2. Of course, the tobacco industry knows that nicotine affects the body and how it does so. The industry has conducted many, if not most, of the studies of nicotine's pharmacological effects. Even if it feigned ignorance, however, such knowledge would be imputed to it. It is a well-known fact that nicotine affects the structure or function of the body. "Nicotine's effects on the brain are the biological basis of nicotine addiction--an addiction that has been proven by a wealth of laboratory and epidemiological evidence and recognized by every major independent medical organization that has studied the question." 61 Fed. Reg. 44701; id. 44702-06. Applying the intent standard that is integrated into the FDCA's definition of "drugs," the manufacturers are charged as a matter of law with having foreseen the reasonable consequences of their actions. See Lee v. Lee County Bd. of Educ., 639 F.2d 1243, 1267 (5th Cir. 1981) (objective intent "presumes that a person intends the natural and foreseeable consequences of his voluntary actions"). And the reasonable consequence of the manufacturers' actions--carefully controlling the amount, form, and delivery of nicotine in their products--was and is to affect the structure and function of the bodies of consumers of tobacco products. Because the effect is so great--as many as 92 percent of smokers are addicted to nicotine, 61 Fed. Reg. 44730--any claim that such consequences are not foreseeable would not be credible. (See Footnote 4)

3. Notwithstanding foreseeability, the manufacturers' own documents reveal their actual intent to use their products as nicotine-delivery systems. For example, a Philip Morris report placed tobacco products in the category of "nicotine delivery devices," along with nicotine patches and nicotine gum. 61 Fed. Reg. 44866. An industry research conference in 1962 candidly discussed the drug effects of nicotine. Id. 44882-83 (Brown & Williamson). Reports of tobacco industry researchers in the 1970s and 1980s confirmed the physiological and psychological effects of nicotine. Id. 44868-73 (RJR), 44886-90 (Brown & Williamson). And industry documents show that tobacco companies, through their manufacturing processes, can and do control the amount, form, and delivery of nicotine in their products, with the pharmacological effects firmly in mind. Id. 44917-46 (cigarettes); id. 45108-24 (smokeless tobacco companies use product-design features to control nicotine delivery and to promote tolerance and addiction to nicotine); e.g., id. 44942 (addition of ammonia to increase delivery of nicotine); id. 44868 (memo from cigarette manufacturer referring to cigarette as "nicotine delivery system"). Manufacturers have the ability to remove nicotine from tobacco products entirely, as Philip Morris' "Next" brand cigarette demonstrated. See 60 Fed. Reg. 41779-83 (citing patents for methods to extract nicotine from tobacco). Manufacturers also have the ability to increase the amount of nicotine. See, e.g., 61 Fed. Reg. 44952-63. And they have the ability to control the amount and delivery of nicotine in their products. See, e.g., id. 44963-74 (cigarettes); id. 45110-14 (smokeless tobacco).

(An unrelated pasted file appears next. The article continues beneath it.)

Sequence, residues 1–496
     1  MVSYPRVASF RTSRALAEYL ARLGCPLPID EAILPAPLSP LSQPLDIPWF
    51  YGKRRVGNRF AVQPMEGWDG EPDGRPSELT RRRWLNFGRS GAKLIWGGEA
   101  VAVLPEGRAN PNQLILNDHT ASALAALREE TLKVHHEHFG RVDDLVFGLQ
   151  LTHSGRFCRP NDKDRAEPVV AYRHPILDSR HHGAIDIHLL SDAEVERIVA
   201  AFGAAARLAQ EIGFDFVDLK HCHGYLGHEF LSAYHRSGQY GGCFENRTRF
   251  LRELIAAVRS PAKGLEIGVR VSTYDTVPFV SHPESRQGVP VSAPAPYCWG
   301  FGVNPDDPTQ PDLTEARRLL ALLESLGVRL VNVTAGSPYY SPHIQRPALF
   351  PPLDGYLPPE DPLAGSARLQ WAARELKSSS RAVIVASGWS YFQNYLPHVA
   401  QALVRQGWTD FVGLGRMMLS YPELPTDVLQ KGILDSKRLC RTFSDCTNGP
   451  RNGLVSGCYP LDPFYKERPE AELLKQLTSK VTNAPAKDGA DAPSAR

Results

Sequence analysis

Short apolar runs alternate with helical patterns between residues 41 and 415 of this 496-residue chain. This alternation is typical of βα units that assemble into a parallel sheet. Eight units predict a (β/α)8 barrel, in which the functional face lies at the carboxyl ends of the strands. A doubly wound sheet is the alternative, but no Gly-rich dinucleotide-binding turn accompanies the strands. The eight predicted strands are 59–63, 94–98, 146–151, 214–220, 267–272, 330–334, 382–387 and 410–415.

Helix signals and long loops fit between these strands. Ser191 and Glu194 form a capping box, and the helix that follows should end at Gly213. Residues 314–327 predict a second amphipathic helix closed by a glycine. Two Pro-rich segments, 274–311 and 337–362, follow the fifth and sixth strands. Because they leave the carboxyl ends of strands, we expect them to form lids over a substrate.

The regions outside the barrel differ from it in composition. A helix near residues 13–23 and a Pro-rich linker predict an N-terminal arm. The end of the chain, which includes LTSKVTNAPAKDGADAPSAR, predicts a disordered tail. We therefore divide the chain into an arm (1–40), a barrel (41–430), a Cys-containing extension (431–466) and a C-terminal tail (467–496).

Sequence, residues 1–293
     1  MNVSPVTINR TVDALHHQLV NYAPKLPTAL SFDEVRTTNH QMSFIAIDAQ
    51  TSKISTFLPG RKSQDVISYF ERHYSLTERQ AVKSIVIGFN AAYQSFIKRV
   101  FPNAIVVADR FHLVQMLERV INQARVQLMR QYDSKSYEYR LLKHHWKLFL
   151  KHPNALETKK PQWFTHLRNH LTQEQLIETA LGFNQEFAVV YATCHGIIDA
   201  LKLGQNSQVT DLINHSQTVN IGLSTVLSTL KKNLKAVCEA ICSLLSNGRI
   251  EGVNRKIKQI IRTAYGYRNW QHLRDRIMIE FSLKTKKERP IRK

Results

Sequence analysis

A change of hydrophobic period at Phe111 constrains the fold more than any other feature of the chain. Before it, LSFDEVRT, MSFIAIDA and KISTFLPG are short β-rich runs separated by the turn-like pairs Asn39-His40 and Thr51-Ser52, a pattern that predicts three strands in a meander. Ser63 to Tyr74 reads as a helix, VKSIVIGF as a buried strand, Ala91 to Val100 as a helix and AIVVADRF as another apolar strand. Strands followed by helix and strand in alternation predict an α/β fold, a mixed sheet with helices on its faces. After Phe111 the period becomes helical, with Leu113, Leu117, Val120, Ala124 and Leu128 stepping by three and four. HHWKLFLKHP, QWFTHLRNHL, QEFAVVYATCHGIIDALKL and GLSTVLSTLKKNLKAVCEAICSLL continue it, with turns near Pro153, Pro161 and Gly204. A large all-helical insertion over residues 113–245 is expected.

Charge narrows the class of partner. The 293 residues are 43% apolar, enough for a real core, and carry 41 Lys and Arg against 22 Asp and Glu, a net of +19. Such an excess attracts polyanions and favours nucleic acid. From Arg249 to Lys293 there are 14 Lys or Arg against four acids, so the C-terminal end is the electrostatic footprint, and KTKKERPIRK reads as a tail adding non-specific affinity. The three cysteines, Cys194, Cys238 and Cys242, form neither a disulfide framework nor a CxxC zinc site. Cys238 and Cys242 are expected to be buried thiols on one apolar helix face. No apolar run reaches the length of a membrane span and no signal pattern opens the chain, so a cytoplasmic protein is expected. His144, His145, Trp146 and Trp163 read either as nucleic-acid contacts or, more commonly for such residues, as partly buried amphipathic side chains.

4. As support for their argument that "intent" can be manifest only by public claims of therapeutic effect, the industry relies on FDA statements made at congressional hearings and on the FDA's response to a 1977 petition to the FDA filed by Action on Smoking and Health ("ASH"), which urged the FDA to assert jurisdiction over cigarettes sold without therapeutic claims. Second Brief 7. Plaintiffs' reliance on the Agency's past statements is misplaced.

First, the FDA's response to the ASH petition explicitly recognized that the determination of intent was not dependent on manufacturers' public claims and that objective evidence, including evidence of consumer use, could outweigh the manufacturers' statements. Letter from FDA Commissioner Goyan to Banzhaf, Nov. 25, 1980, at 8-9 (citing National Nutritional Foods Ass'n v. FDA, 504 F.2d 761, 789 (2d Cir. 1974)). The FDA found, however, that the ASH petition lacked sufficient evidence on this point. Accordingly, until the FDA obtained additional evidence (for example, that as many as 92 percent of smokers are addicted and that manufacturers deliberately control the level and form of nicotine in their products to addict users, to keep users hooked, and to provide the physical effects of nicotine), the Agency's consideration of intent was controlled by the industry's promotional statements. The tobacco industry's avoidance of express health claims and its lies to Congress and the public about its knowledge of nicotine's addictiveness left the FDA with no recourse but to disclaim jurisdiction over tobacco products. Thus, even if the FDA agreed with the ASH assertions in 1977, it lacked the evidence on which its final rule is based. Now, the evidence before the FDA of manufacturers' extensive research into the pharmacological effects of nicotine and their manipulation of the amount and delivery of nicotine enables the Agency to regulate tobacco products as drugs. See generally 61 Fed. Reg. 44915-49; see also Action on Smoking and Health v. Harris, 655 F.2d 236, 239 (D.C. Cir. 1980) ("Nothing in this opinion should suggest that the [FDA] is irrevocably bound by any long-standing interpretation and representations thereof to the legislative branch" regarding its jurisdiction over tobacco products). Tellingly, plaintiffs fail to address the significance of manufacturers' manipulation of nicotine in their products and of the evidence acquired by the FDA in recent years on that topic.